Memphis, Tenn. (September 11, 2020) – If there is one thing Ice Cream Shops can depend on, it’s that the summer months will bring a steady stream of business. But in the age of COVID-19, nothing is for sure anymore.
“Since we opened back up, our sales at the Crosstown location are down 60-75% for this time of year,” said Area 51 Ice Cream owner Stephen Cubbage.
“We are a seasonal business that relies heavily on the revenue from the summer months to keep us going during the rest of the year, so this has been an especially difficult time of year for us to be so slow.”
Area 51 Ice Cream is the seventh business to receive EDGE assistance in the Crosstown area. Its story is repeated across businesses in the neighborhood after neighborhood in Memphis. If one thing is for sure in all of this, it’s that COVID-19 has hit small businesses and the neighborhoods they call home hard.
In all, 129 businesses have received much-needed assistance in several Memphis neighborhoods. Areas that have received the most help so far include 30 businesses assisted in Midtown Memphis spread across the Medical District, Cooper-Young, Crosstown, and Overton Square; 27 businesses in the Hickory Hill area; 16 in Whitehaven; 13 in Orange Mound; and 11 in Binghampton. These are also areas where EDGE has worked since 2014 through its Inner City Economic Development Loans to build up neighborhood businesses.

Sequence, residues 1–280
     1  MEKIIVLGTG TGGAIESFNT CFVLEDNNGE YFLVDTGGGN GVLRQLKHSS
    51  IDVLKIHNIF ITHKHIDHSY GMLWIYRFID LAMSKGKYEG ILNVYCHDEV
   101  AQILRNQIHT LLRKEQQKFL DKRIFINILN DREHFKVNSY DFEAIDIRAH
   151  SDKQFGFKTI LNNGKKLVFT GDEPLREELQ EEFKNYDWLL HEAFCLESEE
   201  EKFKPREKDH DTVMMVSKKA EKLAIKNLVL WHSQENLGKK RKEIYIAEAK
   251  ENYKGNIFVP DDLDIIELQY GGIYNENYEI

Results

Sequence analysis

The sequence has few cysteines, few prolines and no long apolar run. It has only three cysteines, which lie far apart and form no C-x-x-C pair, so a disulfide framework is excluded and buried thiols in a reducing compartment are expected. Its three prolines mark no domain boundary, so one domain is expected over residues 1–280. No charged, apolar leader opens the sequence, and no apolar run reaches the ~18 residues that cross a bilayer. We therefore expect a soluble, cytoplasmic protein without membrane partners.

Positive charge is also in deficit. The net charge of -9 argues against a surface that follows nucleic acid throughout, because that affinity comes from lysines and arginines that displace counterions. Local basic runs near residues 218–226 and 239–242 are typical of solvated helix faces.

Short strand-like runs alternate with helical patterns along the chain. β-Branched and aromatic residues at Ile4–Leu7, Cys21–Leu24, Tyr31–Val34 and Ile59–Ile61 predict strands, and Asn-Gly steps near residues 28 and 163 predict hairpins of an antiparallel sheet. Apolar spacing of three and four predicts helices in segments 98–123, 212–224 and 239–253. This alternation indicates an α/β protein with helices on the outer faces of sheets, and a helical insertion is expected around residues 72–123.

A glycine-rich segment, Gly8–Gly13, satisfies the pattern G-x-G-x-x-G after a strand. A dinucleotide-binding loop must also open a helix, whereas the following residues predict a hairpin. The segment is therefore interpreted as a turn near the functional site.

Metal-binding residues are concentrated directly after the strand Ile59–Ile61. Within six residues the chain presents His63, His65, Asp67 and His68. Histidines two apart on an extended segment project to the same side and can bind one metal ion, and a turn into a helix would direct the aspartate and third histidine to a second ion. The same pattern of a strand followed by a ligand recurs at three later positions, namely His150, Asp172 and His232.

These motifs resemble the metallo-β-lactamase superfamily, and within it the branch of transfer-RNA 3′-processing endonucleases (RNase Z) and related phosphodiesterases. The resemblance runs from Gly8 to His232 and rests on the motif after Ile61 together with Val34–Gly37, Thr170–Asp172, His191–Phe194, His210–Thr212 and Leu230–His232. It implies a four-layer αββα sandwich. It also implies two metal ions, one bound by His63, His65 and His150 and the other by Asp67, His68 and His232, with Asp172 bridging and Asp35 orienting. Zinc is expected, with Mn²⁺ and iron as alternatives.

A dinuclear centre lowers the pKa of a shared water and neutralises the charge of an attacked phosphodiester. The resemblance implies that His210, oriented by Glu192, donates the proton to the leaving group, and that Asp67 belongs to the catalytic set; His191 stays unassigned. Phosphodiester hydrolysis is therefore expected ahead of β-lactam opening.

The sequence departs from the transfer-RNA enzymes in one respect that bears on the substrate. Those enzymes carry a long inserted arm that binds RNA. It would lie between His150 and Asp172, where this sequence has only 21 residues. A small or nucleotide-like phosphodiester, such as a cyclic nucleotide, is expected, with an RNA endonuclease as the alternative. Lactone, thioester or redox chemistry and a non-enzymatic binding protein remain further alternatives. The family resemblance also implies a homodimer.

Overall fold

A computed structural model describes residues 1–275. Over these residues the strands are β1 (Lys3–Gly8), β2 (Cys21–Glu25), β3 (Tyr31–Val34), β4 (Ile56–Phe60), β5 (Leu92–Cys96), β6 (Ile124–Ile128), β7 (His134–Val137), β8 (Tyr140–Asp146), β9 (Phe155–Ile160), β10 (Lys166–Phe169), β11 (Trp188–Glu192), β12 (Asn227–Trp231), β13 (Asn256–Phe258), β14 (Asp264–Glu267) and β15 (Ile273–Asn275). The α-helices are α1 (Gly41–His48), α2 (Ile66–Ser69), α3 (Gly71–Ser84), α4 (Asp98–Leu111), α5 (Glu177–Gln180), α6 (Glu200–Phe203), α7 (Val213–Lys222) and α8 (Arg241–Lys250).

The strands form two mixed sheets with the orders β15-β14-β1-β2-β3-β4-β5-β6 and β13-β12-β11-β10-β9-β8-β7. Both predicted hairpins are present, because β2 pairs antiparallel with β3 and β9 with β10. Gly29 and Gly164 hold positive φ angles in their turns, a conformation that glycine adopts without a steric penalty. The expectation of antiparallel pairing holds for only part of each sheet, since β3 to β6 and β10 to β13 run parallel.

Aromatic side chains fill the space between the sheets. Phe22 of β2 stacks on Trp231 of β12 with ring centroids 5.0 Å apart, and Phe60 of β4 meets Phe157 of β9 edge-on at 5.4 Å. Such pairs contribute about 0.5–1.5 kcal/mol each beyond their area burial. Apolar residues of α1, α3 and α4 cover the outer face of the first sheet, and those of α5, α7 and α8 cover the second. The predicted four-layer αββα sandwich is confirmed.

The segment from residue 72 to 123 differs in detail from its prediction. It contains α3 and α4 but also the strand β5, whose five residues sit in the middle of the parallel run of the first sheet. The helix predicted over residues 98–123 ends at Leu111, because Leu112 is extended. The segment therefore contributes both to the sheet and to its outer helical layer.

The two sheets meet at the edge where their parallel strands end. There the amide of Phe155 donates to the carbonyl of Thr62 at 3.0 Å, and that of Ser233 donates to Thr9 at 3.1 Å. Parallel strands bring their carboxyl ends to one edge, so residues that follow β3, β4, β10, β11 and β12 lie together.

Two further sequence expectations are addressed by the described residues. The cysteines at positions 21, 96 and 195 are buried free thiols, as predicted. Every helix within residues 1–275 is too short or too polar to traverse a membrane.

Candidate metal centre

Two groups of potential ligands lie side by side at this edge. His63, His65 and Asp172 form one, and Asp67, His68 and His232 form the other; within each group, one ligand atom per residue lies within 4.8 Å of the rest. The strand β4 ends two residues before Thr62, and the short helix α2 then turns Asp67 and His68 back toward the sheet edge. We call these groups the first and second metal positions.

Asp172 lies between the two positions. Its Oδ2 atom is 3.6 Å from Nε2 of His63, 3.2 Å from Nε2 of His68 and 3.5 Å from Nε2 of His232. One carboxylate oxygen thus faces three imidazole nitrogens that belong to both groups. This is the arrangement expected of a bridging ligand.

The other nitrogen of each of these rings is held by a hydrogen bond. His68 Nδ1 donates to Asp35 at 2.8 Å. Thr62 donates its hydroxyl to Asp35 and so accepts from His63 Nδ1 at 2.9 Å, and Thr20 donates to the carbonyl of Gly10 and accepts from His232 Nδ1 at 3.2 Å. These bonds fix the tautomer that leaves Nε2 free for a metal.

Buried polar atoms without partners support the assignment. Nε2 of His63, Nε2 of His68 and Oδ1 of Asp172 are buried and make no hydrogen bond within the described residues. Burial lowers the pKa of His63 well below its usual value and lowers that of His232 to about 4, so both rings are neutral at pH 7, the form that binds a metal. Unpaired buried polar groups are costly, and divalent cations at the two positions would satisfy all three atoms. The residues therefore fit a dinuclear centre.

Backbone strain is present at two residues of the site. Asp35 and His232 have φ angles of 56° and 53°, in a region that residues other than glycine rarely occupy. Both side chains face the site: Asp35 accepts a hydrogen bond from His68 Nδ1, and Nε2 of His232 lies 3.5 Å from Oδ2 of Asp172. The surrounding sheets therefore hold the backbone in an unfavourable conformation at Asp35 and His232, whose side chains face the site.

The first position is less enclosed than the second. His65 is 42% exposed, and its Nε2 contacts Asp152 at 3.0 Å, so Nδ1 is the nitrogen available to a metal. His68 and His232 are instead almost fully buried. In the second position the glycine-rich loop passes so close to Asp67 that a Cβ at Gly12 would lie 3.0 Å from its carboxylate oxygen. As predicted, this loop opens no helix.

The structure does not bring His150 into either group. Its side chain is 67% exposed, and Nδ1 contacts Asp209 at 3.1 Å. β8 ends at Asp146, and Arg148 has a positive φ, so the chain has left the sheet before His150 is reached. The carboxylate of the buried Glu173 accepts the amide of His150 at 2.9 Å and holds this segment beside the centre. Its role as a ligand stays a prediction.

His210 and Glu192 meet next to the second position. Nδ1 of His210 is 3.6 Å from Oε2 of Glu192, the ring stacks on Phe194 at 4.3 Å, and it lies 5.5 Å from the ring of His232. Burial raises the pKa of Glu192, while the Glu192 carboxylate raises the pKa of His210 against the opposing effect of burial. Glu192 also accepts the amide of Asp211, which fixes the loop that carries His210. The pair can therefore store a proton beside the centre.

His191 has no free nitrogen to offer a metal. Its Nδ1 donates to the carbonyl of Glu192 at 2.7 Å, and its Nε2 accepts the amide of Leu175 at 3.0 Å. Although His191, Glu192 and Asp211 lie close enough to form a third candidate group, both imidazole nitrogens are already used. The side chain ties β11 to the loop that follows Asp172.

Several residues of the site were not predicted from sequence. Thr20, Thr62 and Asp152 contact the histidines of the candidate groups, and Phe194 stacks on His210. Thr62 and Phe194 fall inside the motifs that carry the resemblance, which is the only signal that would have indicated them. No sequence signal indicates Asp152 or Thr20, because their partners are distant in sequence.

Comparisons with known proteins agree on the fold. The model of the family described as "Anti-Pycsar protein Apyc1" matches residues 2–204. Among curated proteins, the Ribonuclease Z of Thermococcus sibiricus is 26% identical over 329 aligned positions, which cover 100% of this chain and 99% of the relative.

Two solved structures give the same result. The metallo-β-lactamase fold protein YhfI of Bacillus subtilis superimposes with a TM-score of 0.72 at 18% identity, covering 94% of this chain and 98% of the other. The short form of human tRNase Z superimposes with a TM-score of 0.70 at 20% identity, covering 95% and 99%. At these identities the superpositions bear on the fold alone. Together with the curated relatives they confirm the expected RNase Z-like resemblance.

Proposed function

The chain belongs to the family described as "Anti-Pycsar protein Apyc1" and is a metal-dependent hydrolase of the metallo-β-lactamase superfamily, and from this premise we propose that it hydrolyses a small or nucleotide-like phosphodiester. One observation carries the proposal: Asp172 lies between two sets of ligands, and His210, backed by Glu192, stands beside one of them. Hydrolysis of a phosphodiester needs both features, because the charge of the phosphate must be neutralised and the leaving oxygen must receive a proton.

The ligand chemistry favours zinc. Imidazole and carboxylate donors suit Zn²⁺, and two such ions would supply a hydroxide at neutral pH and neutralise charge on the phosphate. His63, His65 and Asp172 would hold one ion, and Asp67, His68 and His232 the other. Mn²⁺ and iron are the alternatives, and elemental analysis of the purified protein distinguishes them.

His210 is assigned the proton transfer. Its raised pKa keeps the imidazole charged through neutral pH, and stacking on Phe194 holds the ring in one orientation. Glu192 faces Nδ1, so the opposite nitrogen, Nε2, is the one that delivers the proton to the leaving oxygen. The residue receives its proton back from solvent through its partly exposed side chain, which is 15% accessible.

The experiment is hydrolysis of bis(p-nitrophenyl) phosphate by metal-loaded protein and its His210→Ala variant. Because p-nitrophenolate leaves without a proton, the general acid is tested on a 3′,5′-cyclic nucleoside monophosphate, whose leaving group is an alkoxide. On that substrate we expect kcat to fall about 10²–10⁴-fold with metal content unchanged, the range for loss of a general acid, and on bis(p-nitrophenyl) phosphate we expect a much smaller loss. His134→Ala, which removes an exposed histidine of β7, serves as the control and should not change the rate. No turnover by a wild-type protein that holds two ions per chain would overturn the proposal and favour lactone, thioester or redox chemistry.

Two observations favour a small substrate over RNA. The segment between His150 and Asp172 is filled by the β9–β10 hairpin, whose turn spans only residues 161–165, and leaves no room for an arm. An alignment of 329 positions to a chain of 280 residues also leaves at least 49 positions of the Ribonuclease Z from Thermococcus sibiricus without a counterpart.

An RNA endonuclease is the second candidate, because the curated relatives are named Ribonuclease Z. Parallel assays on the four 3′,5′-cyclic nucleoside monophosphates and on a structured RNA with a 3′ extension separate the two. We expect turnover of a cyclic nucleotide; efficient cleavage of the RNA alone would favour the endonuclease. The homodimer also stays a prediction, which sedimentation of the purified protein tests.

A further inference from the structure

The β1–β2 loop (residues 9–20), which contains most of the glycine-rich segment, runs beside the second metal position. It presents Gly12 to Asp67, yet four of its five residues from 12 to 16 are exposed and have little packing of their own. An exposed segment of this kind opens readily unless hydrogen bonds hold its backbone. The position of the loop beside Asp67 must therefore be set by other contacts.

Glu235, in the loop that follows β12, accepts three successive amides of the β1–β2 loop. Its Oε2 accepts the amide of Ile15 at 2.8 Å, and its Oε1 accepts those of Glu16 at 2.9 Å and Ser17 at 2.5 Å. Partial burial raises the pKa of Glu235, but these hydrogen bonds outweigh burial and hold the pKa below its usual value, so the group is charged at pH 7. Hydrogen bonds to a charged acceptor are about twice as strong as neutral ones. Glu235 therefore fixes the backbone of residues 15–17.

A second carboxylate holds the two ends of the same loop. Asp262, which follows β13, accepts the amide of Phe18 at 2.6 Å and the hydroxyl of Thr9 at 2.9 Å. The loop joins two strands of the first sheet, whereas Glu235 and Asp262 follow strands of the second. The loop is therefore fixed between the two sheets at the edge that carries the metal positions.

“These businesses are a vital part of the lifeline of these neighborhoods,” said EDGE Economic Development Finance Committee Chairwoman Natasha Donerson. “The NEED Grant has done a lot to ensure that these establishments, the jobs they support and the communities they serve will continue to survive in the midst of this pandemic.”
At its meeting today, the EDGE Economic Development Finance Committee approved NEED Grants for six businesses:
- Area 51 Ice Cream
- The Belle Venue
- Higher Learning Enrichment Academy
- Classy Styles
- Silkish Hair and Day Spa
- Shanta’s Hair Day
To date, EDGE has awarded $721,700 to the 129 businesses throughout Memphis’s most vulnerable neighborhoods; 105 of those (81%) are minority- and women-owned businesses.
The Neighborhood Emergency Economic Development (NEED) Grant was created to provide relief to small businesses, located in Memphis’ most vulnerable neighborhoods that have been affected by the COVID-19 outbreak. Eligible businesses can apply and find more information at NEEDGrant.org.